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Johnstone’s Paint Trophy final preview: Crewe vs Southend

Southend and Crewe both go into Sunday’s Johnstone’s Paint Trophy final looking to win the competition for the first time.

Crewe and Southend fans are looking forward to walking down Wembley Way on Sunday.

Crewe and Southend fans are looking forward to walking down Wembley Way on Sunday.

Both go into the game knowing where they’re likely to be playing next season. Crewe are by now 17 points clear of the League 1 relegation zone, and loving life in the top half of the table, while Southend’s draw at home against Fleetwood on Easter Monday further damaged their League 2 play-off hopes.

The Essex club were runners-up in this competition for two seasons in a row, losing both finals the Millennium Stadium in 2004 and 2005, but Sunday will be their first ever appearance in a Wembley final. Southend have already sold over 30,000 tickets for the final, meaning they look set to break the record for the most number of Southend fans at a game, which was set in a 1979 match against Liverpool.

Crewe fans are visiting Wembley for the second time in less than a year, and they return with very happy memories from their last visit. Last May the Railwaymen beat Cheltenham 2-0 in the League 2 play-off final, and despite losing big names in the summer they have succeeded in League 1 thanks to some shrewd signings and their traditional, passing and attacking style of play.

In order to qualify for Wembley in 2012 the Alex beat Southend on aggregate in the semi-finals. Now the Shrimpers are looking for revenge.

Sturrock

The biggest story in the build-up to Sunday’s final has been Southend’s maddening managerial situation. Paul Sturrock has had to struggle with financial troubles and on-field heartaches in his three years at Southend, but having led the team to Wembley he was dismissed by the club.

Bizarrely, despite being sacked he was offered the chance to lead the team out at the national stadium but Sturrock kept his dignity and showed self-respect by refusing the offer.

He will be sat in the stands on Sunday among the fans while the new boss, former Hull and Preston manager Phil Brown takes charge of the team. It’s a strange situation to say the least but just like his Crewe counterpart Steve Davis, the tanned Geordie knows what it takes to win at Wembley, having managed Hull to a Championship play-off final win in 2008.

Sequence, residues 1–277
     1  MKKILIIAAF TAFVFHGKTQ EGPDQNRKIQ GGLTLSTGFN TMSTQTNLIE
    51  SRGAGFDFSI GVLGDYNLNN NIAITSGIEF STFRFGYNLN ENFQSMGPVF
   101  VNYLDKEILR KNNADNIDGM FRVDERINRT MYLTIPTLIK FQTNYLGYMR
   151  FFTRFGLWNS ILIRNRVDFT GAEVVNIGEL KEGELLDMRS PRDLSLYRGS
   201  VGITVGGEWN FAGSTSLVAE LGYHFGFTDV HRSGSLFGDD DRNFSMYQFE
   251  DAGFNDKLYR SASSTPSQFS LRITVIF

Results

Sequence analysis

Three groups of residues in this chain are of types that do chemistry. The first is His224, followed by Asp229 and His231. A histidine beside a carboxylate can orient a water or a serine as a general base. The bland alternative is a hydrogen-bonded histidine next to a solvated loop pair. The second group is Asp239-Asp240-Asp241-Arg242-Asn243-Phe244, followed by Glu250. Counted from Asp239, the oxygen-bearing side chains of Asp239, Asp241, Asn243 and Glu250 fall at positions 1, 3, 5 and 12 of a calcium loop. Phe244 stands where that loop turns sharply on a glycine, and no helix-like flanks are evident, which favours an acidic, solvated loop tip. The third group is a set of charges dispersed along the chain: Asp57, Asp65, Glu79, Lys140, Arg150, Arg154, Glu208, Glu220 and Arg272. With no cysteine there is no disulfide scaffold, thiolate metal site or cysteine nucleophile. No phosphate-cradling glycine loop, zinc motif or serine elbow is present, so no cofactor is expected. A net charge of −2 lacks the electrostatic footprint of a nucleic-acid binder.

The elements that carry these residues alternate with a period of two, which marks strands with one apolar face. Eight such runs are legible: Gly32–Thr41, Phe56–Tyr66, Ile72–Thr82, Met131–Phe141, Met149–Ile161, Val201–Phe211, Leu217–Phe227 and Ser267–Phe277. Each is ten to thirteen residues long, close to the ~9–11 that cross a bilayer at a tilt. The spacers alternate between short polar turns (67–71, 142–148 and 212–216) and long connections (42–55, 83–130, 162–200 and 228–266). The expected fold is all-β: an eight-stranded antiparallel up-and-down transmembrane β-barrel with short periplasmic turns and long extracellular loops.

Teams

Crewe are undoubtedly pre-match favourites. They are one of the form teams in League 1 with just one loss in their last six games, and they have been playing entertaining football throughout the season. They have a technical midfield and strikers who can grab a goal, not least Mathias Pogba, who is a contender for signing of the season in League 1. Mathias, who is the brother of Juventus’s Paul Pogba, joined the club from Wrexham in the summer, where he had impressed the previous season, and has taken to League 1 like a duck to water.

Crewe are favourites but their defence will give Southend hope. They have only kept two clean sheets in their last 15 games and although they’re not leaking hundreds of goals, they struggle to last 90 minutes without conceding.

Southend are off form going into the final, with just two wins in their last 12 games. But in Congolese striker Britt Assombalonga they have a player who can change a game in the blink of an eye. The youngster is on loan from Watford and has impressed massively while at the Shrimpers. His strike partner Gavin Tomlin is also one to keep an eye on for the Crewe defence.

Central midfielder Bilel Mohsni is vital for Southend. The temperamental Tunisian has a reputation as an unreliable player, capable of breath-taking brilliance as well as baffling stupidity. He is as likely to put in a mesmerising performance on Sunday as he is to get sent off. His partner Tamika Mkandawire needs to be forceful in the midfield battle if Southend are to get a foothold in Wembley’s wide open spaces. Paul Smith in goal is as dependable as any keeper in League 2.

Prediction

The Johnstone’s Paint Trophy final tends to guarantee goals and excitement. The 2013 final should be no different.

It is likely to be a tight game, with chances for both sides. But Steve Davis’s team will relish playing on the Wembley turf, and the large pitch should favour their expansive style of play. I expect the League 1 team to triumph on Sunday and win the trophy for the first time in the club’s history.

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